Of 364 patients with lymphoid malignancy who underwent high-dose therapy with autologous bone marrow transplantation (ABMT) or peripheral stem cell transplantation (PSCT), 169 patients have had progressive disease after the procedure. The median survival from the time of relapse for patients with Hodgkin's disease (HD) who progressed after the transplant was 10.5 months. This compares with a median survival of 3 months for relapsed non-Hodgkin's lymphoma (NHL) patients (P = .0036). After failing transplantation, 56 patients were treated with further chemotherapy, 35 with involved field irradiation therapy, and 18 patients were treated with combination chemotherapy and irradiation. Seven patients received biologic therapy and seven patients underwent a second bone marrow transplant. The remainder of the patients were believed to be too ill for further therapy or chose not to receive further treatment for their recurrent lymphoid malignancy. Sixty of the 169 patients with progressive disease after the transplant are still alive; however, only 18 patients are alive off therapy without evidence of active disease after their relapse. Ten of the 18 patients are still less than 12 months past their posttransplant salvage therapy and are at high-risk for relapse. Five patients are progression free at 15 to 36 months after their posttransplant relapse. Only three patients (two NHL and one HD) treated with other modalities after autologous transplant failure are alive without evidence of disease and have been observed at least 4 years postrelapse. Although a few patients will have a durable response to subsequent therapy, the majority of patients who have progressive disease after an autologous transplant for lymphoid malignancy will succumb to recurrent disease within a short period of time.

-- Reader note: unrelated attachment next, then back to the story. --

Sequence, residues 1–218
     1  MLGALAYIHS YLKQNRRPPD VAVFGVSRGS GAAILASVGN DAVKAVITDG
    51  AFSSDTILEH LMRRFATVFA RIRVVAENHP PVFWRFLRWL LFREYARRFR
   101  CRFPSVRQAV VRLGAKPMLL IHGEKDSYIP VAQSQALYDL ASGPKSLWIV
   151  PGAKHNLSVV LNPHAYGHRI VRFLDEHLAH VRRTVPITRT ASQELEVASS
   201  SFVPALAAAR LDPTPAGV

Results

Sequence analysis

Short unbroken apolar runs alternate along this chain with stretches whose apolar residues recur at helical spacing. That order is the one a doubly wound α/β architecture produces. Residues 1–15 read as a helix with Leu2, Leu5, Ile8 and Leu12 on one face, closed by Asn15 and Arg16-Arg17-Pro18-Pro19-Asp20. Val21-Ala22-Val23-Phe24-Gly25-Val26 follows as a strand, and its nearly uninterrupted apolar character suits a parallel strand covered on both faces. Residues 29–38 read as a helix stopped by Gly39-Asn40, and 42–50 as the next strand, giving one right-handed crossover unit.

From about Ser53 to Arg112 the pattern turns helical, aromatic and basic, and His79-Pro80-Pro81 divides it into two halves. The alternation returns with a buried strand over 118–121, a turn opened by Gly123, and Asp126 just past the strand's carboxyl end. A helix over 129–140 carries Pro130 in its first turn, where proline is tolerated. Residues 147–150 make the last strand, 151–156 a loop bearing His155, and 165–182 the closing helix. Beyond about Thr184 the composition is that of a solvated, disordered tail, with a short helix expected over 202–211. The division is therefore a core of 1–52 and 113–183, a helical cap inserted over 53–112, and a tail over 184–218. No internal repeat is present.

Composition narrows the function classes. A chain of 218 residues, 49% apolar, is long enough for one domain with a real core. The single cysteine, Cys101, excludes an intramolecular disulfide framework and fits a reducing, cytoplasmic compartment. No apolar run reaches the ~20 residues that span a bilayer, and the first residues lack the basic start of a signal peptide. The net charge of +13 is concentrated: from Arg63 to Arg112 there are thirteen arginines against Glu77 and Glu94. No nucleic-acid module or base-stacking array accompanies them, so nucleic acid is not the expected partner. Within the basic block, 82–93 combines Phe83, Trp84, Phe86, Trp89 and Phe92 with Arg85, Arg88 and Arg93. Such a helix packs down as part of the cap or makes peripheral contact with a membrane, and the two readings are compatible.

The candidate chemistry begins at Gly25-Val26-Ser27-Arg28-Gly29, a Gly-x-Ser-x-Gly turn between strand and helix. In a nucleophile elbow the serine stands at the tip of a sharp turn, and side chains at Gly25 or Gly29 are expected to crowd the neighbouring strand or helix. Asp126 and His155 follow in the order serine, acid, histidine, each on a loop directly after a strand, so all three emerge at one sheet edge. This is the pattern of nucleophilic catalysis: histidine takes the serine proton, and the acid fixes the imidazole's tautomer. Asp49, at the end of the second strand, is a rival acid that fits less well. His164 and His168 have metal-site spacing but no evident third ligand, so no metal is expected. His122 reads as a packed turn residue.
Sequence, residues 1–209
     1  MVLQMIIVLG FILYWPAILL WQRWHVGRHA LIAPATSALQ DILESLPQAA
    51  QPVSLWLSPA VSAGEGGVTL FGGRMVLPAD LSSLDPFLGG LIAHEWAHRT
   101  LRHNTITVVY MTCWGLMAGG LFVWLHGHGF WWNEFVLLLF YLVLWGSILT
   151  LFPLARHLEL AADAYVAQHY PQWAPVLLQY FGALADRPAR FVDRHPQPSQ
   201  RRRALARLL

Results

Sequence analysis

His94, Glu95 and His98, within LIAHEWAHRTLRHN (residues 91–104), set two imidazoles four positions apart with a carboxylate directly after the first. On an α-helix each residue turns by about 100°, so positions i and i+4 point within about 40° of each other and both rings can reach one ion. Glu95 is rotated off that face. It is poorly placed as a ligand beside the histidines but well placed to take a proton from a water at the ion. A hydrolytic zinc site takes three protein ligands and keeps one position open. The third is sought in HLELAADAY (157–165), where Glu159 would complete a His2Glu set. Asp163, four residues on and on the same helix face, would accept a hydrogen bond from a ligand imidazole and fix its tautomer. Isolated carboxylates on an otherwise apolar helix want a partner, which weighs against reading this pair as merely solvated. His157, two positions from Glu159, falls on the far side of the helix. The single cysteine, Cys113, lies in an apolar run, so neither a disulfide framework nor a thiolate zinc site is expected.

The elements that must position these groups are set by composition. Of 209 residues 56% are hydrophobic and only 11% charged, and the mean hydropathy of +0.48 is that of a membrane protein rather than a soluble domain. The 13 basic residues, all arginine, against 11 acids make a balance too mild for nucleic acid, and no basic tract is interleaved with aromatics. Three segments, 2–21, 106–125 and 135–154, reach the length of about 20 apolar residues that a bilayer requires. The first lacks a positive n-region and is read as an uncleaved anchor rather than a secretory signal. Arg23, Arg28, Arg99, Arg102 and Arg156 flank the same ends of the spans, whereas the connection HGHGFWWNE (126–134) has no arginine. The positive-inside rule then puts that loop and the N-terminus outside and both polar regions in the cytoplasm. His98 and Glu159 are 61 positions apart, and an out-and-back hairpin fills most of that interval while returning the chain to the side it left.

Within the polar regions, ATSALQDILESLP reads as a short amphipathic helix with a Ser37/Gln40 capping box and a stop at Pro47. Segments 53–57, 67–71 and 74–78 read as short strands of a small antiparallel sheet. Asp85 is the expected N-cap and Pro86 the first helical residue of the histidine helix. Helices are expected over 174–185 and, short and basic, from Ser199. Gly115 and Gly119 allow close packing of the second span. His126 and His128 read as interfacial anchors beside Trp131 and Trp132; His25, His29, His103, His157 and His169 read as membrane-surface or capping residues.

|Original language||English (US)|
|Number of pages||7|
|State||Published - Jan 1 1992|
ASJC Scopus subject areas
- Cell Biology